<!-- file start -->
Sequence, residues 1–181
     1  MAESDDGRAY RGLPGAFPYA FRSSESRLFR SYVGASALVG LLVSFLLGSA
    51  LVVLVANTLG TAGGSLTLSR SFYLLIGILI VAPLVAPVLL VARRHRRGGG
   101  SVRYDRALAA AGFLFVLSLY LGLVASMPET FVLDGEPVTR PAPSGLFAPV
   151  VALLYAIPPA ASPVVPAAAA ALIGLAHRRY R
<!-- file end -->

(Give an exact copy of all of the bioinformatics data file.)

Sequence, residues 1–181
     1  MAESDDGRAY RGLPGAFPYA FRSSESRLFR SYVGASALVG LLVSFLLGSA
    51  LVVLVANTLG TAGGSLTLSR SFYLLIGILI VAPLVAPVLL VARRHRRGGG
   101  SVRYDRALAA AGFLFVLSLY LGLVASMPET FVLDGEPVTR PAPSGLFAPV
   151  VALLYAIPPA ASPVVPAAAA ALIGLAHRRY R